Paranoia? Or Is Your Job In Jeopardy?
I never did ask why she was promoting employment at one of our competitors (I was too afraid she might tell me I ought to apply). But the advertisement stayed there prominently on her desk for most of the week. Weird, eh?
It's a stretch to believe that this stunt was accidental. My gut told me this was her way of saying that one of us in her group should leave. Or else she was jerking with our minds to make each of us a touch paranoid. After all, nothing gets you to put your nose to the grindstone like a little jab of terror now and again.
Nowadays when I work with clients who've just been downsized, you'd be amazed how often they begin with a similar story: 'I was simply doing my job to the best of my abilities, and one bleak day--with no advance notice whatsoever--they came in and let me go.'
Signs, Signs, Everywhere a Sign For the most part, the claim that there was no advance warning ends up being less than accurate. Not that you're expected to be Sherlock Holmes in picking up clues. However almost always there are early signals that your job could be in peril. The signs--subtle or otherwise--typically come in two distinct forms:
(1) General Indications that your job could be at risk.
(2) Specific Signals from your employer that your days are probably numbered.
In the case of General Indications, the signs might well consist of factors beyond your control, such as when your company's financial performance has been less than stellar for a while, or perhaps your boss has lost the ear of senior management. Other factors could be more directly in your control, like when you yourself have been experiencing performance issues, or possibly haven't been getting along with your peers. What makes these indications ''general'' is at this point your employer has not taken overt action against you as a target for downsizing.
It's Them, Not You Other General Indicators include:
(1) External Events
- Your employer is about to be--or has recently been--acquired by another company.
- The industry you're in has begun to decline (for instance, automotive production in Ontario or forestry most anywhere in Canada).
- New laws or policies have a significant negative effect on your employer's ability to compete (like if you'd been working for Napster or TorrentSpy, say bye bye).
- The company is re-organizing in order to reduce costs or compete more effectively.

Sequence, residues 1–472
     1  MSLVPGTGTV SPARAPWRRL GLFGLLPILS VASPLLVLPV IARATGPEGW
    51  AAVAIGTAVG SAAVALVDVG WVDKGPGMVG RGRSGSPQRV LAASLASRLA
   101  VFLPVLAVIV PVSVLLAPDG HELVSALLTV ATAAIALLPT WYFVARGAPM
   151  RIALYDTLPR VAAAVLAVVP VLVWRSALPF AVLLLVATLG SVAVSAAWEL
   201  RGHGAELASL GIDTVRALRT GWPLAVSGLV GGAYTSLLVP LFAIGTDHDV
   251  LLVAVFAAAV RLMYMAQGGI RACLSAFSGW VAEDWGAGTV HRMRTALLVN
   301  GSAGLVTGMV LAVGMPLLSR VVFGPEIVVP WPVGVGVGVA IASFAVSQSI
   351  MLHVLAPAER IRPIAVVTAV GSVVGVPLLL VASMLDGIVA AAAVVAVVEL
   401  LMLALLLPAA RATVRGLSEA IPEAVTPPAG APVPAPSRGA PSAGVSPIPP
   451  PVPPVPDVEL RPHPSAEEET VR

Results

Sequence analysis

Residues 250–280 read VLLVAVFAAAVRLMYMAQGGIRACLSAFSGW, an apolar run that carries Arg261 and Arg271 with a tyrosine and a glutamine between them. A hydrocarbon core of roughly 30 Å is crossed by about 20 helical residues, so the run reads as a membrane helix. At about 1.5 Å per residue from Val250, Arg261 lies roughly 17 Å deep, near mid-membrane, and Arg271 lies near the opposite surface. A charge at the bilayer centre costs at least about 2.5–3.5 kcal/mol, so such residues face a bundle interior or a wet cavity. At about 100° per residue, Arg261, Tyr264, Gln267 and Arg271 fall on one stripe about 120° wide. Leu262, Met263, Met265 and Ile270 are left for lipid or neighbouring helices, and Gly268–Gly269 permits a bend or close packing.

- Your boss, who absolutely loves you, is replaced by someone who has different priorities or their own favourite people.
- There is a shift your employer's direction (or they lose a big client) and your particular skills or experience are no longer key to the organization's success.
Even if the company's doing well and your own contribution is solid, there are things to watch for, like the the following:
- You passionately hate your boss or the company you work for.
- You dislike the work that you do itself.
- You're vying for a promotion and one of your competitors gets the nod, not you.
- Your boss or colleagues genuinely dislike you.
Regardless of whether the warning signs are subtle or blatant, impersonal or personal, you might consider hunkering down and doing your job better than ever. Also scanning for outside opportunities is not a bad idea. Hopefully you can stave off being downsized if you're hoping to stay. But just in case things look really gloomy, please feel free to read a couple of my previous articles on how to prepare in case you think you might lose your job.
The opinions and positions expressed in the above article represent the views of the author and are provided with no legal obligation and liability on the part of either the author or the publisher of this article, and with no implied or stated guarantees. The publisher of this article and the author are exempt from any liability for events resulting directly or indirectly from the use of this article. Copyrights over the article published on this page are owned in full by the article's author. It is prohibited to reproduce this article in parts or in full without the expressed permission of the author.